Katya Vladislavleva

Katya Vladislavleva explained how they use augmented intelligence: a marriage of BI and AI. Collaboration between the two is key, and they provide a platform that allows them to work together, resulting in quick returns on investment and substantial cost improvements.

Responsible AI in the era of Human+Machine society (David Bruyneel)

David Bruyneel explained that while 60% of executives believe that adoption of AI is necessary, 45% are hesitant to apply it to scale. This is why we should be able to TRUST a machine:

  • Trustworthy
  • Reliable
  • Understandable
  • Secure
  • Teachable

While they use an algorithmic assessment tool to measure this, a human centric mindset should still be added by the people developing it.

Why do AI and big data need social sciences? (Tuba Bircan)

Tuba Bircan explains how film and TV shows us how AI will change society, but can social sciences impact AI in turn? It’s difficult to translate human constructs to data rules, but it’s important to create AI with human values:

  • Unbiased
  • Fair
  • Ethical
  • Safe

We need to think about the people who will be affected by our code.

What to teach our kids at the age of AI? (Maryse Colson)

Maryse Colson painted a picture of parenting in the age of AI: Netflix as the babysitter, getting recommendations from Amazon, and birthday reminders from Facebook. She explained that while AI is convenient, it can’t do everything. We still need to teach kids about important things. That’s why we need to understand AI to master its power, and be aware of the risk.

5 reasons why AI is overrated (Jennifer Roelens)

Jennifer Roelens believes in AI in the long run, but the are inflated expectations from customers. She proposed reasons that contribute to this and why AI is overrated: companies and developers being into the hype themselves, the paradox of speed, blindly trusting algorithms without interpretability and a knowledge gap between managers and data scientists.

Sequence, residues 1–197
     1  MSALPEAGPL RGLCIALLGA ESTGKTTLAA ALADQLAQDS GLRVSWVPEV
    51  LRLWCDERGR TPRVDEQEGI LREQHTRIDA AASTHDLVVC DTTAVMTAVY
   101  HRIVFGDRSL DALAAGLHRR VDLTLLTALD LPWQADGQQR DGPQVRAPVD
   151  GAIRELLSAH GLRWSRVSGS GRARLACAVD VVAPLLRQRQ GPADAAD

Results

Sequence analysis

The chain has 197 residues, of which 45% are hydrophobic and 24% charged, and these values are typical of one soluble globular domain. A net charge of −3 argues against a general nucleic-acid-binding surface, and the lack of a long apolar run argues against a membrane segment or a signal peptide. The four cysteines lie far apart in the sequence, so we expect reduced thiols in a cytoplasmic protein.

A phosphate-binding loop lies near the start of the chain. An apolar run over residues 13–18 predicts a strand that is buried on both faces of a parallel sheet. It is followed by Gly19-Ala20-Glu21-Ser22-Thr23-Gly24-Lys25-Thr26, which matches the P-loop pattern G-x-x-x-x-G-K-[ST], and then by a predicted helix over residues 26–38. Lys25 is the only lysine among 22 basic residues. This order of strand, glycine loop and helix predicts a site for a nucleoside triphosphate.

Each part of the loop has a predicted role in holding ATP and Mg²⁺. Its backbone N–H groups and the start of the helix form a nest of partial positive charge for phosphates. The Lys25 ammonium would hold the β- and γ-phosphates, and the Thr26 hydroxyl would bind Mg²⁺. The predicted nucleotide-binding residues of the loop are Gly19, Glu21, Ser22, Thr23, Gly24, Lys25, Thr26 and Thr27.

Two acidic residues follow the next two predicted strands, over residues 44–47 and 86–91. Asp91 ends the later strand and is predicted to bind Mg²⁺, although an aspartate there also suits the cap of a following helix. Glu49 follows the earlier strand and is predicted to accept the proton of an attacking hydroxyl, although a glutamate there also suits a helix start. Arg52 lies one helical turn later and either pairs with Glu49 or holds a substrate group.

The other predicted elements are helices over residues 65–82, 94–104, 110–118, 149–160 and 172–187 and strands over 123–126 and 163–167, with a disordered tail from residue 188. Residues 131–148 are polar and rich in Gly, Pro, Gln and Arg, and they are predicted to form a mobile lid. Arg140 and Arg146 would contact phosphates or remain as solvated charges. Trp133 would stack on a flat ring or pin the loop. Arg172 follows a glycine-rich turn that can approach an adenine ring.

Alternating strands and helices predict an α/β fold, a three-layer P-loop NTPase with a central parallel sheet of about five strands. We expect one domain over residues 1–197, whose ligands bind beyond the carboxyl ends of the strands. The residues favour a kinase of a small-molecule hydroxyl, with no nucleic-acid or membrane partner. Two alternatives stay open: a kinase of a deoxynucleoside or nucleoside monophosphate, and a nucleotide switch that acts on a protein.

Applied behavioural science and machine learning (Bertrand fontaine)

Bertrand Fontaine explained how we can mix behavioural science and machine learning in an ethical way. They transform data from low-level sensors (like wearables or smart devices) into actionable insights, then use engagement gamification to try to change the behaviour, then measure that change through the same sensors. Since the technology can be used for the wrong goals, and since AI should make life better, they try to filter companies so they only work on applications that will contribute to this. Ethical AI is based on the following:

  • Fairness
  • Privacy
  • Explainable
  • Robustness

AI can suggest jobs. Humans want to know why. (Enias Cailliau)

Enias Cailliau showed an application that uses deep learning to parse a CV and find the best matching jobs based on skill. But we need to explain why we’re matching with these jobs, and we can find skills that we need to work on for a certain job.